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Brain adaptations to stressful childhood environments

November 24th, 2015 No comments

Childhood_AdversityImagine a boy who grew up never knowing where his next meal would come from or when it would come. Now imagine a boy who had everything handed to him.

Who do you predict will have higher cognitive functioning, which consists of processes such as pattern recognition, memory, attention, and language? If you guessed the second boy, you are correct. Childhood adversity has been shown to negatively impact important cognitive functions, such as language development, sustained attention, and memory, which result in poor reading and math abilities, lower IQs and academic achievement (Fernald, Weber, Galasso & Ratsifandrihamanana, 2011). To figure out why this is the case, we must consider an important characteristic of our brains—their plasticity, or ability to change!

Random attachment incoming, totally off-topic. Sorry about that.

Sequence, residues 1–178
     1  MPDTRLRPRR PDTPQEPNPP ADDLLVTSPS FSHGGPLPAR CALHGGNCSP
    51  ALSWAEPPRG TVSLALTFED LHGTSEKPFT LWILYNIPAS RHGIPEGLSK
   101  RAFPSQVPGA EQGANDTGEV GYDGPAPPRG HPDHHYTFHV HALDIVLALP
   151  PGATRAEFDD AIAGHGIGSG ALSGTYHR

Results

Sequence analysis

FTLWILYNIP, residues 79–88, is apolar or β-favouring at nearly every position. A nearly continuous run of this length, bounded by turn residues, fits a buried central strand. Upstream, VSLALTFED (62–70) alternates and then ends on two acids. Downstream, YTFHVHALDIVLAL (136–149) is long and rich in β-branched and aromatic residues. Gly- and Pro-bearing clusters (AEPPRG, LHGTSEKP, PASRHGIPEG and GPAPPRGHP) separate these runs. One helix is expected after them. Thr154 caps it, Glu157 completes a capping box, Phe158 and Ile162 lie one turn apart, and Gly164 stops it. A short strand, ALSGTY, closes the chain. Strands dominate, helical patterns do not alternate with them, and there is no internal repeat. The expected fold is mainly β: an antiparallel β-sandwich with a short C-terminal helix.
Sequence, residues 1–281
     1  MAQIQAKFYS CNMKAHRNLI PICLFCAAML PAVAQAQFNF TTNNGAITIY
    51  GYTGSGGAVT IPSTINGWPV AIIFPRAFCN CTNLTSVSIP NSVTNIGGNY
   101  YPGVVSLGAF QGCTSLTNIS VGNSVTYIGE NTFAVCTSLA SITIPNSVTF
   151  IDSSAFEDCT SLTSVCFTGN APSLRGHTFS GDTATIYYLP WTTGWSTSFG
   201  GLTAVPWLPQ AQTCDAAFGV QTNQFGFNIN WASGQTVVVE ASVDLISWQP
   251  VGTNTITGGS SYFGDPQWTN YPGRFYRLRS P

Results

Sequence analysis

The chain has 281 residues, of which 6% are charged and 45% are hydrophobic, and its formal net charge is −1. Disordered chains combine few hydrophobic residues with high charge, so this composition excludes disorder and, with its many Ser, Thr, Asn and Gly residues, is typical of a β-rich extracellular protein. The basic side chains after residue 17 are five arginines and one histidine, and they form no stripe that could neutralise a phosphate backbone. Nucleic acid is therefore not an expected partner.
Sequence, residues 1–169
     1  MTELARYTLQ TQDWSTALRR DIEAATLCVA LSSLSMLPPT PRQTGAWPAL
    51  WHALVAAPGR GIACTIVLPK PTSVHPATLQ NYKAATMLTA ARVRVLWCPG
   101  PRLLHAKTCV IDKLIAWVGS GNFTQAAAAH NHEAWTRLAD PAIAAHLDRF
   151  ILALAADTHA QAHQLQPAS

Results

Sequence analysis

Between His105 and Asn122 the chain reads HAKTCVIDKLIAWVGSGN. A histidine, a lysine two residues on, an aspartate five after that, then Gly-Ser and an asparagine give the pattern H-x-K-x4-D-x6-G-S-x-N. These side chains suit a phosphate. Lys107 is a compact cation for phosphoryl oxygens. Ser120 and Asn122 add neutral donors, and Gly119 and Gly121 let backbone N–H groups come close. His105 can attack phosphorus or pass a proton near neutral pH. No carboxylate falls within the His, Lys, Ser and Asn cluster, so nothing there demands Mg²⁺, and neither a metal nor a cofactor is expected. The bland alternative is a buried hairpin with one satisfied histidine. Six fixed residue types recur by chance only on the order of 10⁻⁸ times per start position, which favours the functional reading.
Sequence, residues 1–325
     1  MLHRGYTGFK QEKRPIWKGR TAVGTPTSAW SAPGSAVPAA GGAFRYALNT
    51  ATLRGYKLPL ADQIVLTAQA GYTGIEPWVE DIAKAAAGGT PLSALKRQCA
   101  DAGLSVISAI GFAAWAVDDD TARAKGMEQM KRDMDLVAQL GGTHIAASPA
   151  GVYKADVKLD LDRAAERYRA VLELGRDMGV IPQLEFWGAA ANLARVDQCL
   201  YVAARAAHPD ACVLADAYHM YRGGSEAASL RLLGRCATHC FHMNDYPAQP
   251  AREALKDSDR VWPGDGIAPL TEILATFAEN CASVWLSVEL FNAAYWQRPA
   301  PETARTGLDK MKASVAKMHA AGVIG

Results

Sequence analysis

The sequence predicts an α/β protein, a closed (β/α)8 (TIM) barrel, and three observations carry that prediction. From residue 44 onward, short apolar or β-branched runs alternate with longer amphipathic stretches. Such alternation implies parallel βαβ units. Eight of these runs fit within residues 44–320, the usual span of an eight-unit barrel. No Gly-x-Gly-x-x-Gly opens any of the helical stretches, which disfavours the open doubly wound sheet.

So, why is plasticity an important characteristic of our brains? What are the advantages of our cognitive functioning being susceptible to change? Adaptation! Adaptation got Mittal, Griskevicius, Simpson, Sung, and Young (2015) thinking about the universality of the negative impact on cognitive functions that childhood adversity has been shown to have. If the brains of those who grow up in stressful environments can be negatively affected by their experiences shouldn’t that mean that they could also be positively affected? The work of Mittal et al. (2015) tells us the answer!

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